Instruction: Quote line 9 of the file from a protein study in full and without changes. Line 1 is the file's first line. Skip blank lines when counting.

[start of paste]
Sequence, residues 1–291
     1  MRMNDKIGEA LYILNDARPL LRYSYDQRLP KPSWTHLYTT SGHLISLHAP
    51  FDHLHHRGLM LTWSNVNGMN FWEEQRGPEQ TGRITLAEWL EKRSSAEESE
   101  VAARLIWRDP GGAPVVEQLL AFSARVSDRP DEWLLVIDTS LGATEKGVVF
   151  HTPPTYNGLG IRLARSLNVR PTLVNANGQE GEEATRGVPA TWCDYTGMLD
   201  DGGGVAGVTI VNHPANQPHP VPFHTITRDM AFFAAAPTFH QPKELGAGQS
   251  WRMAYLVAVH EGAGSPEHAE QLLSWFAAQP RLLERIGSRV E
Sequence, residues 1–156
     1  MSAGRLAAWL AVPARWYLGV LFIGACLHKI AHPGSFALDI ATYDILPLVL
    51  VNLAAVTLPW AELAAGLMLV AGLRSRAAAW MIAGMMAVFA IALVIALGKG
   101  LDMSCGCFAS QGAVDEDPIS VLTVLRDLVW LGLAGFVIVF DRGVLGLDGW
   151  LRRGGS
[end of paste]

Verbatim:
     1  MSAGRLAAWL AVPARWYLGV LFIGACLHKI AHPGSFALDI ATYDILPLVL